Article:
Lookalikes - Netflix

Structured, fly-on-the-wall reality-comedy following the antics at Britain's premier lookalikes agency, run by David Beckham impersonator Andy Harmer in Eastbourne.

Lookalikes - Netflix

Type: Scripted

Languages: English

Status: To Be Determined

Runtime: 35 minutes

Premier: 2015-04-01

Lookalikes - Look-alike - Netflix

A look-alike, double, or doppelgänger is a person who closely resembles another person in appearance. Celebrity look-alikes—those who resemble well-known entertainers, politicians, and other public figures—can work as entertainers themselves, impersonating their targets in a variety of venues, including movies, television, stage shows, parties, and corporate functions. These professional look-alikes are often represented by talent agencies that specialize in celebrity impersonators.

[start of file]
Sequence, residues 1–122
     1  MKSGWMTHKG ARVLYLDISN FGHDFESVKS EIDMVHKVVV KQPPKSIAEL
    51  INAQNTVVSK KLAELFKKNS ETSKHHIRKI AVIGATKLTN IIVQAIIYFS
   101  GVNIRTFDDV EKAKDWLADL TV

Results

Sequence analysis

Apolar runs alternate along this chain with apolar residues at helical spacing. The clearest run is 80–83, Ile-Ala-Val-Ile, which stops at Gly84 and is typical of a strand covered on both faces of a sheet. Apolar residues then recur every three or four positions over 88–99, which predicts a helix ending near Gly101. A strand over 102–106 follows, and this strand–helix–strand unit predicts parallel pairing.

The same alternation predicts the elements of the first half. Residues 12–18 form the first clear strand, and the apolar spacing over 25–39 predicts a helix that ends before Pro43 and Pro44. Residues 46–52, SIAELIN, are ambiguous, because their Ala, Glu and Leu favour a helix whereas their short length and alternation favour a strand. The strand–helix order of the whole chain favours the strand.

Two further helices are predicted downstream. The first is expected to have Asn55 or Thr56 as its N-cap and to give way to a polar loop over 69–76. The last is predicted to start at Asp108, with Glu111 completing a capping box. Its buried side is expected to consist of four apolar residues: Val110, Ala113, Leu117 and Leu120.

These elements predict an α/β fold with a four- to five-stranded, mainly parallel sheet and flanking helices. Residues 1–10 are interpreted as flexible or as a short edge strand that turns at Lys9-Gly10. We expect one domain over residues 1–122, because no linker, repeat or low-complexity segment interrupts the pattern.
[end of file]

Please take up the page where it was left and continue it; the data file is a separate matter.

Lookalikes - Film - Netflix